opposition to the Violence Against Women Act. Apparently, the GOP has
decided that their trimmed-down version of the bill cannot pass and that
their position is a political loser anyway. So they`re now expected to
pass the Senate version of the bill and let the Democrats have their way.
The biggest issue was Republican opposition to how the bill handled
violence in tribal areas, believe it or not.

We`ll be right back.


MATTHEWS: Welcome back to HARDBALL. The U.S. Senate finally held its much
anticipated hearing on banning military-style assault weapons today, just
as it`s become apparent that public opinion has begun to shift on the
matter. A new NBC News and "Wall Street Journal" poll shows that 61
percent of Americans -- that`s 3 in 5 now -- want stricter guns laws. You
got it? Three out of five want it. And that`s up 5 points from January
and shows the power, I think, of President Obama`s campaign on this matter.

Today`s hearing was unusually emotional, as you can imagine, with tears,
applause, and even one particularly heated exchange that came between
Senator Lindsey Graham, who was acting inexplicably today, and Milwaukee
police chief Edward Flynn. Let`s listen to this.


from my point of view, Senator, the purpose of the background checks --

SEN. LINDSEY GRAHAM (R), SOUTH CAROLINA: How many cases have you made --
how many cases have you made --

FLYNN: You know what? It doesn`t matter. It`s a paper thing.

GRAHAM: Well --

FLYNN: I want to -- I want to stop 76 --

GRAHAM: Can I ask the question?

FLYNN: I want to finish the answer.

GRAHAM: Well, no, I --

FLYNN: I want to stop 76,000 people from buying guns illegally. That`s
what a background check does.

GRAHAM: How many AR-15s are legally owned --

FLYNN: If you think we`re going to do paperwork prosecutions, you`re


GRAHAM: How many --

FLYNN: All right, if you --

GRAHAM: How many cases have --

UNIDENTIFIED FEMALE: Senator? Senator, if you would withhold just a
moment, please.

GRAHAM: Yes. That`s fine.

UNIDENTIFIED FEMALE: No expressions one way or another. And let`s keep
this civil. Senator Graham and I just got recognized for civility. So I
know he`ll keep it civil.


MATTHEWS: Wow. But the most searing moment of the day, obviously, came
when the father of a Sandy Hook Elementary victim, Jesse Lewis (ph)
testified. Neil Heslin delivered emotional testimony as he recalled saying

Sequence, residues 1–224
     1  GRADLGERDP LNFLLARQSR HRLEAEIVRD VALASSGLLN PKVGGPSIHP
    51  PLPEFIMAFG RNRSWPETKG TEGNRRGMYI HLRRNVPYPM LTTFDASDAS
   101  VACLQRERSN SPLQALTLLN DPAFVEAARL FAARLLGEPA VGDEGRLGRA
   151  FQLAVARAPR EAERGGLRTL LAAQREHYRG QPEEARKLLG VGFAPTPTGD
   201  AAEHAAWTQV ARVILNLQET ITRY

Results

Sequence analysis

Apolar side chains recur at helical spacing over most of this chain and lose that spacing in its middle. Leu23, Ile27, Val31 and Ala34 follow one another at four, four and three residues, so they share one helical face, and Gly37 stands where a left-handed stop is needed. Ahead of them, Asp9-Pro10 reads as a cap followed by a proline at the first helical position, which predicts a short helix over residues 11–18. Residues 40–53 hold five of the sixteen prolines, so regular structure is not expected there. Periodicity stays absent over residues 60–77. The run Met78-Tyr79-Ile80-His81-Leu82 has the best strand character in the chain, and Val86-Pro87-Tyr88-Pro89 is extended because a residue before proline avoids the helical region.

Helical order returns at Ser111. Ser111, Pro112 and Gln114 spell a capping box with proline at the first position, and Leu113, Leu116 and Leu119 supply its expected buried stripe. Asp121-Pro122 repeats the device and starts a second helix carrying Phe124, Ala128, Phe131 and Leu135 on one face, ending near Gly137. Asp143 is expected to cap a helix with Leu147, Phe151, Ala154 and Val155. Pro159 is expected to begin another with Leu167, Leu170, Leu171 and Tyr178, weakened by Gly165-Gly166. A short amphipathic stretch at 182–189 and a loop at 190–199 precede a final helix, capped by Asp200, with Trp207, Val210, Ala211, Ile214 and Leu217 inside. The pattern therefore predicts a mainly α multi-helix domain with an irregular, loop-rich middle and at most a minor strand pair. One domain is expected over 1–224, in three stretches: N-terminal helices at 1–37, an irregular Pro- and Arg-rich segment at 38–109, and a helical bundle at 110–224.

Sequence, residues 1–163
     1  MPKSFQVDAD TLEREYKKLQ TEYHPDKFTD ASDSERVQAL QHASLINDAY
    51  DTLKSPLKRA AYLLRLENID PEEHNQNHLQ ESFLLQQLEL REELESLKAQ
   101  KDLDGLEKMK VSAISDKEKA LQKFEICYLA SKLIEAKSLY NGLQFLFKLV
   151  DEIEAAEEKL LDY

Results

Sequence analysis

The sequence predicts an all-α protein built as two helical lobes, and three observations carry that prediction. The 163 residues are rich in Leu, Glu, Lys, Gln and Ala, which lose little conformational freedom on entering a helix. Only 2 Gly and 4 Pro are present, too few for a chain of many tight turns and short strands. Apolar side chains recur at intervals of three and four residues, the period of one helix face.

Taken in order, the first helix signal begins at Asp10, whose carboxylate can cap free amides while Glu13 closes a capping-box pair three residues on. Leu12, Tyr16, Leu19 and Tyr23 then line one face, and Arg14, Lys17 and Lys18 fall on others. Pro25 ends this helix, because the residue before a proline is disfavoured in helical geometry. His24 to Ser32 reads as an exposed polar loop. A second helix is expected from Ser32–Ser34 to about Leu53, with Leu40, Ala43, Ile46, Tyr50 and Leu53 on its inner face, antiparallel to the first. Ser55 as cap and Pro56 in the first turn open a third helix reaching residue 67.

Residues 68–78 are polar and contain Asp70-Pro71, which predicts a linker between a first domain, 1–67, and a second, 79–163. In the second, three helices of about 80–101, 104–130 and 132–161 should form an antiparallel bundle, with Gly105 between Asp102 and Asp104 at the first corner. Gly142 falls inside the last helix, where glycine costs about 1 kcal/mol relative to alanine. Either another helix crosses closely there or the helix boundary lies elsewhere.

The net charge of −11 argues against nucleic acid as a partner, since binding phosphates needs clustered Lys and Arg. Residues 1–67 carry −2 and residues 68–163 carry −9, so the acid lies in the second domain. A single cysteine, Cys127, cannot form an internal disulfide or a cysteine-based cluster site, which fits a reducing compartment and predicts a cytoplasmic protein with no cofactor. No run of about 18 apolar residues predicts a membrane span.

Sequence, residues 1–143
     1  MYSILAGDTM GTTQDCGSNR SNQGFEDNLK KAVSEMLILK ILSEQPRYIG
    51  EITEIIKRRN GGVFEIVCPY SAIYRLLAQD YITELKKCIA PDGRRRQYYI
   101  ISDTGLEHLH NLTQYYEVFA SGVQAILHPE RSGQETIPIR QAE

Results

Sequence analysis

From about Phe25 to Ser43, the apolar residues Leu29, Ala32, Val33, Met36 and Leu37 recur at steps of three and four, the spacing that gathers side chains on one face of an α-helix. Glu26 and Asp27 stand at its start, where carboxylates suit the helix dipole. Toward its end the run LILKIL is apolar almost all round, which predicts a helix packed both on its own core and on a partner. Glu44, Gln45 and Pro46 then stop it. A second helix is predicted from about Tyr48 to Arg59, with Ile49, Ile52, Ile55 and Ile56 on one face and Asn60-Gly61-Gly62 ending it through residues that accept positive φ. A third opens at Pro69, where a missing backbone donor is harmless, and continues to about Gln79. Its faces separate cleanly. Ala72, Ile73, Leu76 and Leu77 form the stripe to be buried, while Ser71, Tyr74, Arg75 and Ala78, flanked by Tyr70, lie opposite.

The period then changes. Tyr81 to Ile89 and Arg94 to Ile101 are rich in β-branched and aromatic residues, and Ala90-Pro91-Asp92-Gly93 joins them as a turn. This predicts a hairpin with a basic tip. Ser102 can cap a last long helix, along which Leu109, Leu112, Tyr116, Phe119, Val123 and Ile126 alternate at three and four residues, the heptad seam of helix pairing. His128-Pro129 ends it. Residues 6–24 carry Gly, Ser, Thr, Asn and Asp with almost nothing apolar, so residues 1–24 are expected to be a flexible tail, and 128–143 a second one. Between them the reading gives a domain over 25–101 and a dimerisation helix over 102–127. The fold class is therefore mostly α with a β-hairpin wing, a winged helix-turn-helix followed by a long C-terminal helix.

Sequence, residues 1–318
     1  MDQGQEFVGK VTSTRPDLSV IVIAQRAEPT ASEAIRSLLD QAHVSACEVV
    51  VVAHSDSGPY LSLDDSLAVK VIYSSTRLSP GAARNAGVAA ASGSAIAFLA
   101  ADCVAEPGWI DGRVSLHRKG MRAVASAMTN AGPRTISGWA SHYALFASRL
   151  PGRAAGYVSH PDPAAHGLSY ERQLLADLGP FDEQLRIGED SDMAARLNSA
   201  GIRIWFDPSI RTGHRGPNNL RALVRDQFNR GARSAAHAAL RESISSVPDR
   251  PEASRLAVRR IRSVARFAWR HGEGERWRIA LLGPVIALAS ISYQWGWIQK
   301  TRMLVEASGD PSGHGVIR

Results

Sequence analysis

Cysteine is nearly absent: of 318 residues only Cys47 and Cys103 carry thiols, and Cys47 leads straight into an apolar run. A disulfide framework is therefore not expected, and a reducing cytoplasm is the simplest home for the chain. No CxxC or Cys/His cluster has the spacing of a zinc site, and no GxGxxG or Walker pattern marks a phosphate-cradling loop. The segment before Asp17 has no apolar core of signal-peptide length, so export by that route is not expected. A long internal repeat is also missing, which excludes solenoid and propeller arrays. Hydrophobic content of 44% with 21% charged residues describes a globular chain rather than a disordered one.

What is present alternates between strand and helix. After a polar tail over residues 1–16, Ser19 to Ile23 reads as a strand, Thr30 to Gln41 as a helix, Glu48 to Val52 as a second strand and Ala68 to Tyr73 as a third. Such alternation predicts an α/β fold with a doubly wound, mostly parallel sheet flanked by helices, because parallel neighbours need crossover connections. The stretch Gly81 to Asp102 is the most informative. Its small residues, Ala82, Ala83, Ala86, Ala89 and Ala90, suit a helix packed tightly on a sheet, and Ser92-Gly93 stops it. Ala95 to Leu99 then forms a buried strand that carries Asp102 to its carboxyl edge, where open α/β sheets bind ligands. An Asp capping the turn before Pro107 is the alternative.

good-bye to his 6-year-old son not long before the shooting -- in fact,
about an hour before we lost him. Take a listen.


you. He stopped and he said, I love Mom, too. That was the last I saw
Jesse, as he ducked around the corner. Prior to that, when he was getting
out of the truck, he hugged me and held me. And I can still feel that hug
and the pat on the back. He said, Everything`s going to be OK, Dad. It`s
all going to be OK. And it wasn`t OK!


MATTHEWS: Well, Neil Heslin joins us right now. Neil, thank you for
joining us tonight.

HESLIN: Thank you.

MATTHEWS: And I guess I have to ask you about your willingness, I think as
a public service, not just an honor to your son or love to your son but to
the country -- what would you like to see happen here?

HESLIN: I`d like to see many changes happen that would work effectively to
prevent this from ever happening again, any mass murder. I believe we had
seven of them this year alone. That`s far too many at all.

MATTHEWS: Let me pick them off. Do you think it would help to have a
police officer, a trained police officer in the hallways of these schools?
I`ll take the NRA position at first. Do you think that would be helpful?

HESLIN: I agree. I think it would be helpful. It`s not going to settle -
- solve the problem or -- it`s not a solution to the whole problem in
complete -- or completely.

MATTHEWS: Well, we live in this country with so many guns. I think there
are more guns than people in this country now, and I just -- where do we
start? Do you have a sense that maybe we should start with assault weapons
that were used here, or these semiautomatics where you can just shoot so
many of them with the magazines, where you can load up a gun with 30
bullets? Where do we start?

HESLIN: Well, I think there`s many places that need to be addressed. My
view is, a key factor in all these mass murders or mass killings was a
weapon and a high-capacity magazine, a so-called assault weapon or like
assault weapon. I think it needs to start with a ban on the certain types
of guns and weapons.

Secondly, a ban on high-capacity magazines, which is a main characteristic
of those guns that have been used. I think background checks should be
mandatory, but done efficiently and effectively, not necessarily on a state
level, but on a federal level.

I think mental health is a big part, too, that should be addressed.

MATTHEWS: Well, that covers the boardwalk there. Let me ask you about this
-- the situation of coming down. How hard was it to come down?

HESLIN: It`s not easy go anywhere or be someplace and have to defend --
try to defend the reason my -- why things should change to -- over my son
that`s been killed in a massacre.

It`s -- it`s very hard. It`s very emotional. And I just keep reliving my